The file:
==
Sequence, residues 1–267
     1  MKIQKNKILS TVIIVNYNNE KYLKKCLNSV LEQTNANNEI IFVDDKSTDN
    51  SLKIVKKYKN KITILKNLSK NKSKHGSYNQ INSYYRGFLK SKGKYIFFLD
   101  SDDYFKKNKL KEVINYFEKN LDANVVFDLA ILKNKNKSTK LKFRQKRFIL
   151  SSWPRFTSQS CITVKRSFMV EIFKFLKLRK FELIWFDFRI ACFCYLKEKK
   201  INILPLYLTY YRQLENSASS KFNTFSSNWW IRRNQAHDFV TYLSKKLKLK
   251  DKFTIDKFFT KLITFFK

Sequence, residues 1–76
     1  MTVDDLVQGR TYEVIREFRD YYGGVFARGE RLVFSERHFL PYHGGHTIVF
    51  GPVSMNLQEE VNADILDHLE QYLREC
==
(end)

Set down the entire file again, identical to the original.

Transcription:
Sequence, residues 1–267
     1  MKIQKNKILS TVIIVNYNNE KYLKKCLNSV LEQTNANNEI IFVDDKSTDN
    51  SLKIVKKYKN KITILKNLSK NKSKHGSYNQ INSYYRGFLK SKGKYIFFLD
   101  SDDYFKKNKL KEVINYFEKN LDANVVFDLA ILKNKNKSTK LKFRQKRFIL
   151  SSWPRFTSQS CITVKRSFMV EIFKFLKLRK FELIWFDFRI ACFCYLKEKK
   201  INILPLYLTY YRQLENSASS KFNTFSSNWW IRRNQAHDFV TYLSKKLKLK
   251  DKFTIDKFFT KLITFFK

Sequence, residues 1–76
     1  MTVDDLVQGR TYEVIREFRD YYGGVFARGE RLVFSERHFL PYHGGHTIVF
    51  GPVSMNLQEE VNADILDHLE QYLREC